Pour some oil into the cake tin so the bottom and sides are coated, pour excess out. Pour batter into the cake tin and place into the bottom part of the oven for 40 minutes at 175 °C. Check the cake by inserting a tooth pick into the centre and if it comes out clear, it is fully cooked. Cool in cake tins on a heat rack (about 10 minutes); remove cakes from tins and cool completely on wire racks for about an hour.
Repeat this process 2 more times to form three cake layers.
Freeze Cake layers:
Freeze cakes once cooled, as this process makes the assembling much easier. Wrap each cake layer individually in plastic wrap and freeze for 4-6 hours. This part is optional but it ensures that crumbs don’t break into the icing, so if you are short in time, freeze at least for an hour. If you freeze them overnight, give them a bit of time to defrost as they are hard to cut otherwise.
When you are ready to frost the cake, remove layers from freezer and unwrap. Level the layers with a serrated knife to make sure the surfaces are straight. I removed the top half of the cake layers as they were dome-shaped.
Now the next part you can do 2 ways: Either slice your layers in half so you get 6 layers in total. Or then just keep the 3 layers as they are. Of course the more filling you have, the more moist it will be. However, I wanted to keep just 3 layers and keep the cutting minimal.
Frosting and Blueberry curd:
Blueberry Lemon Curd Directions
In a saucepan, add the frozen blueberries and lemon juice. Bring to a gentle simmer so that the blueberries become very soft. Mash lightly and press through a sieve into another saucepan. Place back onto low heat; add lemon zest, cubes of butter and sugar. Stir with a wooden spoon until the butter has melted and add the beaten egg yolks. (First I added 3 but ended up adding one more as the sauce was not thick enough) Stir continuously until the liquid begins to thicken (may need to raise heat but make sure eggs don’t scramble) If you are having problems with it thickening, you can always add a little bit more butter. But be gentle, it can take 10-15 minutes. Once thick, remove to another bowl to cool. Once cooled, place into refrigerator to intense in flavour and to set even more. Store in a jar, up to a week.
Butter Frosting Directions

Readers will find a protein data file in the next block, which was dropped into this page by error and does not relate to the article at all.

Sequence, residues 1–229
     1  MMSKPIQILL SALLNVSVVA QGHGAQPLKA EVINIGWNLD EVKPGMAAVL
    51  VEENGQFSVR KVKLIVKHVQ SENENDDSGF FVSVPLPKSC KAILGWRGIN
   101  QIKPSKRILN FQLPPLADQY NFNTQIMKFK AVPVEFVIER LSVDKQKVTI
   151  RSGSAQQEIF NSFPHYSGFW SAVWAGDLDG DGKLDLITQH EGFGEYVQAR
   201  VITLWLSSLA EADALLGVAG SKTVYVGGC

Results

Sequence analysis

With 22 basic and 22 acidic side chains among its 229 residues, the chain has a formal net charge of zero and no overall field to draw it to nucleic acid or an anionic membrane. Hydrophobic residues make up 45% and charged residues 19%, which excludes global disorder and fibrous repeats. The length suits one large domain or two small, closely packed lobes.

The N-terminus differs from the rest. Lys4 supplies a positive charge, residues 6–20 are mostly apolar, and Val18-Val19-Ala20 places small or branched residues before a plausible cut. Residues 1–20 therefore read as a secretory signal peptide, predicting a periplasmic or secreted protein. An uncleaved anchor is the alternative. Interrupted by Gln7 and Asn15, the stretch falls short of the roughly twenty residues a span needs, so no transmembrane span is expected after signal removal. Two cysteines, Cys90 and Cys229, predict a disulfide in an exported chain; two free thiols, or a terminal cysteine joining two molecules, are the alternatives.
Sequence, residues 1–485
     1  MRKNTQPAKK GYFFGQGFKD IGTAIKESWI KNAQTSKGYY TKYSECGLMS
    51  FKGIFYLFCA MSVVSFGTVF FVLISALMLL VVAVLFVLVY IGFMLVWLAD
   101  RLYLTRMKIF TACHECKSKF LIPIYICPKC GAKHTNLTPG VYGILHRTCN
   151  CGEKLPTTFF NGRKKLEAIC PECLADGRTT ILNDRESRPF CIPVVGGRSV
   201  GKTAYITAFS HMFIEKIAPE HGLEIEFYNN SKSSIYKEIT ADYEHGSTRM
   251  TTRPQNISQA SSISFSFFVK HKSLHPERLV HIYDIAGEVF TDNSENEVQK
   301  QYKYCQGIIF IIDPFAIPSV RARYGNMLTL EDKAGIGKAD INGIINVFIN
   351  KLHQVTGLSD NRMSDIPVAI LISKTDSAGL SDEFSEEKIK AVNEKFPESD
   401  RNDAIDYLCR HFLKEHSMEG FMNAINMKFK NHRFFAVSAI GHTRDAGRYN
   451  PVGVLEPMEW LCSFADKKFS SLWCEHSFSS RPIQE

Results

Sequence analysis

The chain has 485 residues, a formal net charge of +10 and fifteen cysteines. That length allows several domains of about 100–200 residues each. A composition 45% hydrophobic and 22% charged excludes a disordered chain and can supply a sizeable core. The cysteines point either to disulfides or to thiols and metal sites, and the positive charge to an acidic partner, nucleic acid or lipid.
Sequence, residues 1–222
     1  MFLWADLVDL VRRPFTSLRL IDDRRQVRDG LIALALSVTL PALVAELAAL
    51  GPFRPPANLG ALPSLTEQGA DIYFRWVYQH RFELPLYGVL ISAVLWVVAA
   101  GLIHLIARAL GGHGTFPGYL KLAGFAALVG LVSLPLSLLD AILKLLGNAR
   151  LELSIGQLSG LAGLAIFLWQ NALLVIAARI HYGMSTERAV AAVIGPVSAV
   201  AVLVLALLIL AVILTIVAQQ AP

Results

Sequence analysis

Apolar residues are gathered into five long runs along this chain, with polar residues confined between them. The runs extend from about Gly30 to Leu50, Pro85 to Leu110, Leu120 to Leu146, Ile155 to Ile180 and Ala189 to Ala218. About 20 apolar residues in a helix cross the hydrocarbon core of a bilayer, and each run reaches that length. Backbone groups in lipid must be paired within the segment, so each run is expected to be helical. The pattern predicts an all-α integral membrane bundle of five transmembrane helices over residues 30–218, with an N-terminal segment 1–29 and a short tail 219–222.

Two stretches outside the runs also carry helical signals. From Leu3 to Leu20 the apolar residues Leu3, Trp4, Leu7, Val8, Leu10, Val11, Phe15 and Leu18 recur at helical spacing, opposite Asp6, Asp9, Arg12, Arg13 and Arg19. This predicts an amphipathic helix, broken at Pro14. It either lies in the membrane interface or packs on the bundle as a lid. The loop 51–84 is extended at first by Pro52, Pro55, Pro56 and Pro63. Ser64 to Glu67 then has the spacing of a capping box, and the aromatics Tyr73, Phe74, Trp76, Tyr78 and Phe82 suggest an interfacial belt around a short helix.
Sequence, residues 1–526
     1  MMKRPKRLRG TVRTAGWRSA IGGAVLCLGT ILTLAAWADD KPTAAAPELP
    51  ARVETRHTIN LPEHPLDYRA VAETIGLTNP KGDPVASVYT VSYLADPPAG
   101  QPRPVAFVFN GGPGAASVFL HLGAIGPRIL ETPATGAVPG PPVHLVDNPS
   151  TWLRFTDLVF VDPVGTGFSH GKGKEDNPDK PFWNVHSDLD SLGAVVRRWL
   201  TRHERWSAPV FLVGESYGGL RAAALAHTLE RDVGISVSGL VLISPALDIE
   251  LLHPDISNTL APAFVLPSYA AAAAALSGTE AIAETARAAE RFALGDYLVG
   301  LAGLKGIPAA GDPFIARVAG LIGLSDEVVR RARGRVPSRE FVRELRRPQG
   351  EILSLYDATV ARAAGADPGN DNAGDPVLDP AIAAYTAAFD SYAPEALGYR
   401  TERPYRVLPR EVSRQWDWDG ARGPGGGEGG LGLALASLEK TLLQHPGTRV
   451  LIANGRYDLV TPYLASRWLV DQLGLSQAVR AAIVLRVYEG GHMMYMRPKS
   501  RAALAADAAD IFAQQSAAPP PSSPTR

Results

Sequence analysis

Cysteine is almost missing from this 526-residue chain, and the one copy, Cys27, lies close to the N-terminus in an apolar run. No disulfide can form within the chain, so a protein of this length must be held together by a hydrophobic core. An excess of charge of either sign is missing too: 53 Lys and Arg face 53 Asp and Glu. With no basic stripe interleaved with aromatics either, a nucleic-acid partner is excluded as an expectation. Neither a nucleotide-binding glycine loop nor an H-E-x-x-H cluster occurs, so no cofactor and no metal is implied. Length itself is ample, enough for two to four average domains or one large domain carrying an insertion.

With a handheld mixer, whisk the butter on high-speed until a pale colour and fluffy. Scrape sides and bottom of bowl with a spatula twice while beating.
Turn mixer into low-speed and gradually add the sieved sugar. When combined scrape the bowl again. Slowly drizzle in the milk and vanilla. Scrape bowl again when combined.
Whisk on high-speed for about 10 minutes until the buttercream is extremely fluffy.
READY TO ASSEMBLE
Assemble the cake
Use your “ugliest cake bottom” for the base of the naked-cake. Save the prettiest bottom for the top part. Place a bit of frosting on your cake plate and place the first layer on top. This keeps it from moving. Moisten each layer with a bit of milk.
Fill each layer with buttercream frosting and blueberry curd. I made a rim around the edges with buttercream and placed the blueberry curd in the centre to keep it sealed. Repeat this process until the top and place the last layer “with the bottom half of the layer facing the surface” so it looks flat this way. Add buttercream frosting around the edges of the cake and scrape to almost bare with a sharp knife. Place into fridge (or freezer) to set the frosting before decorating.
When working with fresh flowers
Add the garnish closer to the party, especially if you are working with flowers that don’t hold their shape for long, like lilac. For this cake, add blueberries on top, the ends of mint leaves and the little flowers of lilac. If you plan to decorate with lots of fresh flowers like roses for example, it would be best if they do not come into contact with the cake. YouTube is very helpful for this, but basically just add toothpicks to your rosebud ends and wrap the stem with a bit of gardening tape. Press this into the cake. For delicate flowers like baby’s breath, they can just be loosely set in between other garnishes. Roses, some carnations, olive branches and baby’s breath hold their form very well! Figs and herbs are an elegant choice as well.
After we indulged, I allowed the remaining cake to rest overnight in the fridge and it held its shape perfectly and actually tastes even more moist this morning. So I would not see it as a problem, to make the cake in advance (minus decorating) if you are short on time!